Last edited: May 20, 2020
  15. palisantrancho

    palisantrancho Forum Resident

    "Should've Been in Love"- No strong opinion on this one. It goes by without leaving much of an impression of any kind. A nice album track that falls in the same spot as many songs on this album. It's not great, but it's not bad. I'm not crazy about the "Your Life's Been Stinking" line. I'll give it a 2.5/5
     
  16. Rockford & Roll

    Rockford & Roll Forum Resident

    Location:
    Midway, KY
    Should've Been In Love - One of my favorite songs on the album. My fellow commenters have covered it well.
     
  17. Zeki

    Zeki Forum Resident

    An interesting viewpoint as Tweedy’s lyrics are a highlight for me.
     
  18. Parachute Woman

    Parachute Woman Positivity Thread Starter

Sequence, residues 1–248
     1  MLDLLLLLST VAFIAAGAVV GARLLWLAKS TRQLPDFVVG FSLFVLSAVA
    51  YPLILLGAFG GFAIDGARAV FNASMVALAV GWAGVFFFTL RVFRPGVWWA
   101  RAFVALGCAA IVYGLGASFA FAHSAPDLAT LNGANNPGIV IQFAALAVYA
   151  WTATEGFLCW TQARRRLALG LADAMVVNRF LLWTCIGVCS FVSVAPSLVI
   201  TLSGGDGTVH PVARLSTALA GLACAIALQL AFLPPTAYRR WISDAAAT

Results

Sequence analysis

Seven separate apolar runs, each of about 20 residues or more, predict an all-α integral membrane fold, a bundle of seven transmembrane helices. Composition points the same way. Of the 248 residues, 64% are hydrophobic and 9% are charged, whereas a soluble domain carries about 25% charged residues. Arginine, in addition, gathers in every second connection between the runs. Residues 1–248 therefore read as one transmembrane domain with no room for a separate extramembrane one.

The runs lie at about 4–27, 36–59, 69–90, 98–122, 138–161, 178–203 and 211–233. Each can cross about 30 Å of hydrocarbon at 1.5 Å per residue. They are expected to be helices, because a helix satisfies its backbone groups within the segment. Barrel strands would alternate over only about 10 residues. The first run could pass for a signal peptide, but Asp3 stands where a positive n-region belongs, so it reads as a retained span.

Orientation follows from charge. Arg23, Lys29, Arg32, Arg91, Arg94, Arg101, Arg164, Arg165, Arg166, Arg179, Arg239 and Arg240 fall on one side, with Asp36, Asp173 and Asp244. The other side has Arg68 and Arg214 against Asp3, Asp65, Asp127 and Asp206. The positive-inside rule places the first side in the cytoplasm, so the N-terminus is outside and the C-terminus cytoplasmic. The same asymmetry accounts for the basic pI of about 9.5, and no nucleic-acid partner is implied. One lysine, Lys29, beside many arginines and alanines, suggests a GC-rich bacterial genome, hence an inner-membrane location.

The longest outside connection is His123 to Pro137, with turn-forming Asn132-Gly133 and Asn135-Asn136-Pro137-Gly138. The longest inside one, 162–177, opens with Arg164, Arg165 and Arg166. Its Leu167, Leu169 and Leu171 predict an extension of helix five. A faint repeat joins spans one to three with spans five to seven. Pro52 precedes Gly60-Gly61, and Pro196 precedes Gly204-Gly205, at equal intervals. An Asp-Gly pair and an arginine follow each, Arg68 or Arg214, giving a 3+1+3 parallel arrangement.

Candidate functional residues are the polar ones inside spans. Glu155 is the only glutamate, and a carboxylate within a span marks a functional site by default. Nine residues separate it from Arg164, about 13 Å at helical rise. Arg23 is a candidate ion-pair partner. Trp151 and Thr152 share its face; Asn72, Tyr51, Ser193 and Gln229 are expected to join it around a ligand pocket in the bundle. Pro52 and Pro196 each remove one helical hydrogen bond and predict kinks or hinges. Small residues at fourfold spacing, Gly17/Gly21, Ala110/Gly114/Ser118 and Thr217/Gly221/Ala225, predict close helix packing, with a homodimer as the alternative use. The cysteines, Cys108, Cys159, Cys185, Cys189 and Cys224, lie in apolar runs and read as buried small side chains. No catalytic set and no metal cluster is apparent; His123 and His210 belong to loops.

You and I come from opposite sides here. I am a very strong lyrics person. If I don't care about the words, I don't care about that particular artist. Jeff Tweedy's lyrics are a huge part of what I love about Wilco and I'll be commenting on them very frequently as we move through the albums. While I like lots of different kinds of lyrics (storytelling, abstract wordplay, etc.) my chief love and interest is confessional/personal/emotional lyric writing. Not every one of Jeff's songs is drawn directly from his own life, but his incredible amount of empathy is what really sets him apart as a lyricist in my mind. He can write a song like the one we are covering today and it doesn't seem to be a personal confession, but his care and understanding for the characters in the song is unbridled and clear.